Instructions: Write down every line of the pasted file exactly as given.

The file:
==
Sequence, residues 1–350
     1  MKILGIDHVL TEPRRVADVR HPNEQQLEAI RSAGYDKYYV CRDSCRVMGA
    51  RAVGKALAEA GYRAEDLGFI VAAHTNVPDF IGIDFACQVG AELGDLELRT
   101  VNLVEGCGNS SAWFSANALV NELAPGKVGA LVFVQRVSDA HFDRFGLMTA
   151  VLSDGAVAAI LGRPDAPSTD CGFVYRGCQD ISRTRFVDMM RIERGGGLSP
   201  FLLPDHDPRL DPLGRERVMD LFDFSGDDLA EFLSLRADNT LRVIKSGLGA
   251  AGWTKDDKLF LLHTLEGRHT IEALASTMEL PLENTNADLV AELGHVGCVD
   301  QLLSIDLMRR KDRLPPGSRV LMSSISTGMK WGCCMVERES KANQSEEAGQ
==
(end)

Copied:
Sequence, residues 1–350
     1  MKILGIDHVL TEPRRVADVR HPNEQQLEAI RSAGYDKYYV CRDSCRVMGA
    51  RAVGKALAEA GYRAEDLGFI VAAHTNVPDF IGIDFACQVG AELGDLELRT
   101  VNLVEGCGNS SAWFSANALV NELAPGKVGA LVFVQRVSDA HFDRFGLMTA
   151  VLSDGAVAAI LGRPDAPSTD CGFVYRGCQD ISRTRFVDMM RIERGGGLSP
   201  FLLPDHDPRL DPLGRERVMD LFDFSGDDLA EFLSLRADNT LRVIKSGLGA
   251  AGWTKDDKLF LLHTLEGRHT IEALASTMEL PLENTNADLV AELGHVGCVD
   301  QLLSIDLMRR KDRLPPGSRV LMSSISTGMK WGCCMVERES KANQSEEAGQ